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Posts Tagged ‘Central Auditory Processing Disorder’

When “the same things” don’t work, a vigilant parent creates alternative strategies. Yet, what do you do when none of the alternative strategies don’t work.

The professionals might even say words like, “Lazy, Not Paying Attention,” “Stomach pain? It’s in their head.” “Rebellious.”

When lazy doesn’t match up. When the haunted look of pain in their eyes doesn’t match up. When doing the opposite of what you’re asked doesn’t match up? To the child’s heart. . . .

When nothing works. . . nothing . . . when the incentives don’t entice, the discipline – all those squats – don’t move behavior, when in-the-head pain is so bad it limits their abilities – to the point of risking social diminishment . . .

No child wants to be in pain. No child wants to be unsuccessful in school. Every teen wants to drive. To read more, follow me over to The Mom Initiative.

I’m over at The Mom Initiative,  a group of moms and a package of resources to equip, enable and support women as they experience Titus 2 in real life. – won’t you stop by to read further? Not only will you find my post, but you’ll find a group of  women who will encourage and pray for you. Click here or read below:

“You’re not doing the same things,” my husband said when I was working with my second son when he was 2, 3 and 4.

“Yes, I am,” I remember answering, somewhat frustrated. “The same things aren’t working.”

Regardless of the age, sometimes “the same things” don’t work. Developing children requires a diverse strategy arsenal.

For academic development, we used alphabet puzzles, flash cards, animal alphabet cards, Bob Books, Now I’m Reading Books. One learned to spell his name first in sign language. Another chose Garfield over classics – our home library is stuffed with Garfield, Snoopy, the classics, World War II literature, American history books. When two sons had trouble turning in assignments at school, I bought calendars, schedule books – and came up with the Trinity of Success.

For behavioral development, we dug into our arsenal of choices:“No,” corporal punishment, picking up rocks, squats. We even enacted take-aways: social events, media, games, phones, cars and other privileges.

For health and fitness, we’ve provided the right nutrition, the right amount of exercise, followed up with doctor’s visits for complaints that just won’t go away.

When “the same things” don’t work, a vigilant parent creates alternative strategies. Yet, what do you do when none of the alternative strategies don’t work.

The professionals might even say words like, “Lazy, Not Paying Attention,” “Stomach pain? It’s in their head.” “Rebellious.”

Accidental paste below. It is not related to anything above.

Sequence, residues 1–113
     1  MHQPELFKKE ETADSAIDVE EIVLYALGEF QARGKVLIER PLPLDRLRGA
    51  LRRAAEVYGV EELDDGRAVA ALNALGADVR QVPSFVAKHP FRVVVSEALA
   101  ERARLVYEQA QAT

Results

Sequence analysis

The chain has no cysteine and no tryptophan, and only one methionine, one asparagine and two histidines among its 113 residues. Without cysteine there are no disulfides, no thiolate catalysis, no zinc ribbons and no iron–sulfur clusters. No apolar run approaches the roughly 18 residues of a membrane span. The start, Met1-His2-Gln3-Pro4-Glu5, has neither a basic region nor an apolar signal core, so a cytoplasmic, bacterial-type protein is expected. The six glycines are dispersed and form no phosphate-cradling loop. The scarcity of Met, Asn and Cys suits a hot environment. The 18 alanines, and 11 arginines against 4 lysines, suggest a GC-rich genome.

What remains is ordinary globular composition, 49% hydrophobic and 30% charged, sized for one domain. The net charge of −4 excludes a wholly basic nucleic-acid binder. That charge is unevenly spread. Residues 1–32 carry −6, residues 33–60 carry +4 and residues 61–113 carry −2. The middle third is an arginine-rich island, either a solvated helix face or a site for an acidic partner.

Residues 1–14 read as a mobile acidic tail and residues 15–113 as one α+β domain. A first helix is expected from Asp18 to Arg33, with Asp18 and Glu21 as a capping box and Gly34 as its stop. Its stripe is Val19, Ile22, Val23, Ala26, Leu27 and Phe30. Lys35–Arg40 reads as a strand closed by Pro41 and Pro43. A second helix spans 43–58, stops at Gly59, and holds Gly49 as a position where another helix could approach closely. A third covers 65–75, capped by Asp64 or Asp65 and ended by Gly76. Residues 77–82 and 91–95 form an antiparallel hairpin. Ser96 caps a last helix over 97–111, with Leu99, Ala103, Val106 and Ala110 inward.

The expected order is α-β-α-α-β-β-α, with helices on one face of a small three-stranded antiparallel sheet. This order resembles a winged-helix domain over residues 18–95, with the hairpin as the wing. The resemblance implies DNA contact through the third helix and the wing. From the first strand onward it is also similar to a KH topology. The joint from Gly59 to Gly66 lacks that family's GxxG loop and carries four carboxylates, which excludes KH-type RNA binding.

When lazy doesn’t match up. When the haunted look of pain in their eyes doesn’t match up. When doing the opposite of what you’re asked doesn’t match up? To the child’s heart. . . .

When nothing works. . . nothing . . . when the incentives don’t entice, the discipline – all those squats – don’t move behavior, when in-the-head pain is so bad it limits their abilities – to the point of risking social diminishment . . .

No child wants to be in pain. No child wants to be unsuccessful in school. Every teen wants to drive.

Behavior must match the child’s heart. The pieces to the puzzle must fit in cause/effect ways.

That’s a sign for out-of-the-box response – a solution revolution.

The solution revolution starts with prayer – hit-the-floor prayer.

Each time, within three days people crossed my path, providing pieces to these puzzles destroying my sons’ lives.

The solution revolution, once prayer is released will take you to the solution – to specialized responses beyond your knowledge and experience.

One son had Central Auditory Processing Disorder. Another son had severe esophagitus. Another son had ADD, not a behavior issue but a focus issue.

CAPD is like dyslexia of the ears. It has the ability to not only affect what you hear (background noise reduced this son’s hearing ability to 24%). He was hearing 2 out of 3 words correctly. It not only affected how he heard but how he learned math and language arts. He had to be taught to recognize the patterns. He also didn’t hear tone.  I don’t like to call it a disorder, though. Different shouldn’t equal disorder.

Another son suffered severe esophagitus from 1st to 6th grade. By 6th grade, he was running like someone’s grandma, unable to focus and concentrate due to the constant pain. The pediatrician said it was in his head. One specialist said it was a fiber issue. The aggressive specialist we eventually found said the pain was not located in an “in-your-head” place and scoped him. We had to totally change his diet. He had to re-develop his foundational muscles, rebuild his 6-pack. It’s hard sitting through a school day with intense stomach pain. He had to re-learn learning.

TrinityWhen turning homework in on time and organizational management – even with sports because long-term challenges. We thought it was rebellion and laziness – so did the teachers. Until an ADD adult described “living and working in a fog,” creating an inability to complete projects – we had no clue. Discipline and incentive couldn’t lead the way out of that fog.

When you’ve tried everything you know. When you’ve tried main-stream solutions.  When you’ve taken everything away or even promised much as incentive. When you’ve implemented punishment – and nothing works.

It’s time to think out of the box. It’s time for a solution revolution.

What has your family experienced that has made you look for a solution revolution?

 

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